‘Courage is what it takes to stand up and speak; courage is also what it takes to sit down and listen,’ said Winston Churchill.
Disclaimer: I’m not a fan of Winston Churchill. He may have been all about ‘fighting for freedom’ when it came to white, Anglo-Saxon British people, but his treatment of then-British subjects in India, Ireland, Kenya and half a dozen other places falls somewhere between the imperially callous and the downright criminal.
Still, even a broken watch is right twice a day, and here, eloquently so.
By the time you read this, the Namibian Presidential Election will be over, and in all likelihood, Dr Hage Gottfried Geingob and SWAPO Party will be winners. In the wake of their victory, Geingob and SWAPO would do well to display courage - not the courage to stand up and speak, but the courage to sit down and listen.
It’s not always easy to sit down and listen to Namibian youth (as a lecturer I know first-hand how little time for protocol they have), but if you do (and I think my students will testify that I at least try) you’ll hear that the youth are tired.
They’re tired of lack of opportunity. Tired of school fees increasing every year, while jobs get fewer. Tired of having ‘entrepreneurship’ preached at them, while they are barely allowed inside the bank, much less offered a business loan.
They see that politicians travel in luxury; that their suits are spotless and their guards wear immaculate uniforms. They want the elite to share the pain of the ordinary people.
People in rural areas are tired. Tired of promises of access to land coming to almost nothing, tired of half-hearted drought relief, tired of living under patriarchal interpretations of customary law.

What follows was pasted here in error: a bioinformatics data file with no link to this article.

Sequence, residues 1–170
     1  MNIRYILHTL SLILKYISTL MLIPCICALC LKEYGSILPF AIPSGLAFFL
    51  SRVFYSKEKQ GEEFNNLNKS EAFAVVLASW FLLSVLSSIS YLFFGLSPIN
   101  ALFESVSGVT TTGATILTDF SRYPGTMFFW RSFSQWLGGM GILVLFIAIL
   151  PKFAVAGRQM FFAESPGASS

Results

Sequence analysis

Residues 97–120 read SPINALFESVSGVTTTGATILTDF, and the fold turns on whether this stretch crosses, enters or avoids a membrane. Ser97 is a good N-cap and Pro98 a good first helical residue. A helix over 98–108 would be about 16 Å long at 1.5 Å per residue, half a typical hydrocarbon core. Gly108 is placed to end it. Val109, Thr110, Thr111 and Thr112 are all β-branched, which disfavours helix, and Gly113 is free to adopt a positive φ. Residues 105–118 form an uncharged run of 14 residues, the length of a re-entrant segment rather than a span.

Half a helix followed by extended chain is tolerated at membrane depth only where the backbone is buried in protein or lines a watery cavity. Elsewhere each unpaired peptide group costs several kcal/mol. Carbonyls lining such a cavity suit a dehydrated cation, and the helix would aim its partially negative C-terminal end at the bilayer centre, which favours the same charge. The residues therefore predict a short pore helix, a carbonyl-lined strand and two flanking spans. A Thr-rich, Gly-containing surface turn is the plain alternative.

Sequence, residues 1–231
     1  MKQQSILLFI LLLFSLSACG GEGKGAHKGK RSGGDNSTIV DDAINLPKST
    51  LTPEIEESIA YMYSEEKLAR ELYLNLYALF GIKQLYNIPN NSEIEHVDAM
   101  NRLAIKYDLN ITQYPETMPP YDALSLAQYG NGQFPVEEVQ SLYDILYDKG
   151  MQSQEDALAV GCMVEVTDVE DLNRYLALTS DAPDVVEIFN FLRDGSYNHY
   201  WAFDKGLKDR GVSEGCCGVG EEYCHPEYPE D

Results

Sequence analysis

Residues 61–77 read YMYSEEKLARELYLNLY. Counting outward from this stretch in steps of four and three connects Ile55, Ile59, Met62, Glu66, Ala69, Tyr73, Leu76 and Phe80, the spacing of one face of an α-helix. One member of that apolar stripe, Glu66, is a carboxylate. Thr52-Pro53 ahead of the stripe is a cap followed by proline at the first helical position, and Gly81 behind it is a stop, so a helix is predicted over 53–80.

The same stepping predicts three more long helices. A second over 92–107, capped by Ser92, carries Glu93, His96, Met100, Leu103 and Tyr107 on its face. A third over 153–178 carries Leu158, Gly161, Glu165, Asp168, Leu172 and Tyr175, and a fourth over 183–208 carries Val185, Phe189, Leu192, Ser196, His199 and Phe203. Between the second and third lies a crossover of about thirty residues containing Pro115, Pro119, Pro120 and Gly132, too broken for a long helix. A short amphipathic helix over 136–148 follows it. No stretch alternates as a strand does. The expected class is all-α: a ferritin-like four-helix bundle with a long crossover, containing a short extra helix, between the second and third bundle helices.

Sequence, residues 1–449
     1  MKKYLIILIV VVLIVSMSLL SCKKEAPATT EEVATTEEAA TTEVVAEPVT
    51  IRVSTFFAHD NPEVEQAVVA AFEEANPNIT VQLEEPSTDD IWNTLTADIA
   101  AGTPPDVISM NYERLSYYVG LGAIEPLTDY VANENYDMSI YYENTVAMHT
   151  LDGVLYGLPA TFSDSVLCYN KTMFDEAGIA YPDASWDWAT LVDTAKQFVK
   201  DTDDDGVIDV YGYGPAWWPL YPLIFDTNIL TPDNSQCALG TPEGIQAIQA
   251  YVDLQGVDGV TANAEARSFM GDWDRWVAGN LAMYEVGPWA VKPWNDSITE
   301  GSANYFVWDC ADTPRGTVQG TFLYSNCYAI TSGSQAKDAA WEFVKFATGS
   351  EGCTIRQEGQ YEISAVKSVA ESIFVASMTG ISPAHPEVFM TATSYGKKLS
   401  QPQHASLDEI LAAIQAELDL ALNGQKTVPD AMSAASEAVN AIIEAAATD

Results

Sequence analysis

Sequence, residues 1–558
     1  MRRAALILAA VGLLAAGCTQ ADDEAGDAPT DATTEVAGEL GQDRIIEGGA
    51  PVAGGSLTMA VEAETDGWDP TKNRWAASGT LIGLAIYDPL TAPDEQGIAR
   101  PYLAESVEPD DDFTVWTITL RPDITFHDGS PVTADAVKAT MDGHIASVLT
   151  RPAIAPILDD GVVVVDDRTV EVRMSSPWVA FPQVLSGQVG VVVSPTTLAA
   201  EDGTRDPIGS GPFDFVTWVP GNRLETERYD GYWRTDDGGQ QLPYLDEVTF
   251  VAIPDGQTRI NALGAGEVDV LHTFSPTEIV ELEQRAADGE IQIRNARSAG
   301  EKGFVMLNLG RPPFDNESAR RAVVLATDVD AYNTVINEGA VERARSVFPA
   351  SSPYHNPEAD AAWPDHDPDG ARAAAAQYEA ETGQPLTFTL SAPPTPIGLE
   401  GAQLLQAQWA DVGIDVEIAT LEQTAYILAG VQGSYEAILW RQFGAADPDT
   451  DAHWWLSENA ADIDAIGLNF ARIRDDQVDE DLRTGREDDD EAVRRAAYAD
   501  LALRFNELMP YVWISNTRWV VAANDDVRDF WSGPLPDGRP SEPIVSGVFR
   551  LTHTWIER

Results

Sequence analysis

Namibian women are tired. When your Government gets international awards for gender equity in Parliament, but domestic violence shows no sign of ending, and reproductive rights laws are stuck in the Middle Ages, wouldn’t you be?
Peel things back a layer, and what I see is, many Namibians are questioning the post-Independence political consensus. The consensus that, apart from providing basic infrastructure, the Government steps back and relies on the market. That ‘reconciliation’ trumps the need to redistribute the apartheid loot to the black majority.
It may be hard for Likely-President-Elect Geingob to listen to tired, angry Namibians, because these Namibians, whether they fully realize it or not, are often questioning the very consensus that Geingob and his comrades were very diligent and brave in helping engineer in the late 80s and early 90s.
Heck, I get it. It’s hard for me, too, as a white Namibian.
Namibians of German and white South African extraction have done the best out of Independence. Sanctions that held our businesses back were abolished, we got to keep almost all of our land, tax increases were never unbearable, and commerce, overall, has boomed. But even I can see that if we don’t sit down and listen to Namibians outside the safe havens of Maerua Mall, the SKW Complex, the bougie Farmers’ Markets, our wealth and safety is going to be short lived.
What the solution is, I don’t even know.
Although I’ve always been left-wing in my thought, I’m not suggesting we need become like some other countries I could mention, whose leaders preach formulaic Marxist theory while the people starve or emigrate.
The confluence of artificial intelligence, big data, and biotechnology commonly known as the ‘Fourth Industrial Revolution’, if harnessed correctly, may offer opportunities that no-one in 1990 had dreamed of. Fighting racism at the very root, not at surface level as we have been doing, may lead to extraordinary change. Simply resisting the capture of the State by multinational corporations can achieve a lot.
But of course, any solution will have to be designed from the ground up, not copied from some European or American or Chinese textbook.
And we will have to start by listening. Not to talk back, not so we can say ‘that used to be me’ or ‘that happened to me once’ or ‘you’re wrong’ or ‘that’s none of your business’, but listening to truly understand.
I’m ready to do that, Dr Geingob. Are you?
Hugh Ellis is a poet and a lecturer at the Namibia University of Science and Technology. All views expressed here are personal views. Follow Hugh’s blog at ellishugh.wordpress.com